An earthquake, also known as a quake, tremor or temblor, is the result of a sudden release of energy in the Earth's crust that creates seismic waves. The seismicity, seismism or seismic activity of an area refers to the frequency, type and size of earthquakes experienced over a period of time.
At the Earth's surface, earthquakes manifest themselves by shaking and sometimes displacement of the ground. When the epicenter of a large earthquake is located offshore, the seabed may be displaced sufficiently to cause a tsunami. Earthquakes can also trigger landslides, and occasionally volcanic activity.
Quake survivors in Yunnan, China, fear aftershocks as rescuers search last parts of quake zone
Hundreds of survivors fear fresh aftershocks even as rescuers search the last isolated parts of disaster zone
Thousands of military and civilian rescuers continued an arduous search yesterday for survivors of two relatively mild earthquakes that killed dozens of people in Yunnan on Friday, as many citizens lived in fear of further quakes.
More than 7,200 soldiers from the People's Liberation Army and paramilitary were mobilised and sent to the quake zone in Yiliang county, Zhaotong , where the magnitudes 5.7 and 5.6 quakes struck at around 11am and noon, respectively, Xinhua reported.
The death toll increased by about 20 yesterday as rescuers reached cut-off villages and found more bodies. The confirmed toll reached 81 by the afternoon. More than 800 people were injured, 200,000 lost their homes and an unknown number were missing.
After two days, more than 90 per cent of the quake zone had been searched, and rescuers were eyeing the final isolated areas yesterday, according to China National Radio.
Landslides triggered by the quakes cut off access to many towns and villages, and rescue efforts were slowed by collapsed roads and bridges, as well as by rocks that continued falling from mountains. The latest setback involved the collapse of a key road shortly after 3pm yesterday. The road spanned from downtown Yiliang to one of the worst-hit areas, Luozehe town.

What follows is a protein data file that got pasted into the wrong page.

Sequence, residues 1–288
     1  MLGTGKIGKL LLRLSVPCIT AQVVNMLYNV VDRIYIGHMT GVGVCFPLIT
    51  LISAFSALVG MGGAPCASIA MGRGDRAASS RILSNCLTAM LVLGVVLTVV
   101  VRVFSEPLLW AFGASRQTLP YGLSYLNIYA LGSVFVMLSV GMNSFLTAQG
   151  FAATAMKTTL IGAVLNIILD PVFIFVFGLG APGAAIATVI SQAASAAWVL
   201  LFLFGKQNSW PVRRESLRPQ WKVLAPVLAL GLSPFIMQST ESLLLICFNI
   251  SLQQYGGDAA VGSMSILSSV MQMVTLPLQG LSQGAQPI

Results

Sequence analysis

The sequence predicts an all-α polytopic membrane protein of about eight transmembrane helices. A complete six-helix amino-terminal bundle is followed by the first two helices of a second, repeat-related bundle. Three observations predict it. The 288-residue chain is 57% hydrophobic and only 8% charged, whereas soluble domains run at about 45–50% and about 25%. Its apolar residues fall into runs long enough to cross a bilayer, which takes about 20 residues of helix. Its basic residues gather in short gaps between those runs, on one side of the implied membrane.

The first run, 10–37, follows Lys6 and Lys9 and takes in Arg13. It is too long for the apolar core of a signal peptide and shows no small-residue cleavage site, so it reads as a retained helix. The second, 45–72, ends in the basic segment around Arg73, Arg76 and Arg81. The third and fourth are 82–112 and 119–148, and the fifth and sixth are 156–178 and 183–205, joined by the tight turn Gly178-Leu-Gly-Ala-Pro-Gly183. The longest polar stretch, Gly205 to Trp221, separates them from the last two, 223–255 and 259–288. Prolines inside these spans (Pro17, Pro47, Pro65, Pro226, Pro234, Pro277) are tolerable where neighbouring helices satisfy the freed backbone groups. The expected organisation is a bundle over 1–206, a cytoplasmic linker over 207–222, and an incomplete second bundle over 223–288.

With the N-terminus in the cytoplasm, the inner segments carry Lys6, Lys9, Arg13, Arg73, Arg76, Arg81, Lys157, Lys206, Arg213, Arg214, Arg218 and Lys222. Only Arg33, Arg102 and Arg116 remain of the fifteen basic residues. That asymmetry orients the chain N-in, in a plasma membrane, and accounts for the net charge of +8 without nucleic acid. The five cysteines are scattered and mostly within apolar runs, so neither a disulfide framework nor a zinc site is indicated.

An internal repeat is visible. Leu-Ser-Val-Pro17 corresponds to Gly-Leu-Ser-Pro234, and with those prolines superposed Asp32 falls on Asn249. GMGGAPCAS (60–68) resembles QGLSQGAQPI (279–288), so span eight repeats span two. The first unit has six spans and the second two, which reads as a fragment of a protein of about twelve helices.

Premier Wen Jiabao flew to the area on Friday within hours of the disaster. While on the plane, he was quoted by Xinhua as saying he was confident the people would be able to overcome the tragedy, and he pointed to the recovery following the devastating Sichuan earthquake in 2008 that killed more than 87,000 people.
But not all of the survivors shared his optimism so soon after Friday's quakes. Some said the government was not doing enough.
A doctor at the People's Hospital in Yiliang said yesterday that they were short of help and medical supplies to treat thousands of injured people.
Most of the victims were farmers and their families, who were killed or injured when their homes collapsed, said the doctor, declining to be named. Others were hit by falling objects.
"We are a remote county with a very low level of economic development," he said. "I don't think the government fully understands the difficulties here.
"They have not sent us enough doctors or medicine to treat the critically injured. It's been two days, but many patients are still left out in the open because we ran out of beds."
The owner of a restaurant near the county government headquarters said the people still did not feel safe. His restaurant was helping to feed hundreds of PLA soldiers.
"When there's an aftershock, the officials and soldiers jump as we do, and they can't tell us whether there will be another big quake in the coming days," the owner said. "Most people have left their homes and are sleeping in the open at night because nobody believes the government will give us warning when the next big jolt comes."
Earthquake predictions are difficult even with the most advanced technology.
The unusually high death toll for quakes below magnitude 6 has prompted criticism online about poor building quality in the area. Some people online have cited stronger quakes with lower death tolls in other countries.
Huang Fugang , director at the Yunnan Seismological Bureau, conceded to Xinhua on Saturday that poor building quality was one of the reasons for the high death toll.
Huang said most farmers in Yiliang lived in houses that were not strong enough to withstand quakes, simply because sturdier materials were too expensive.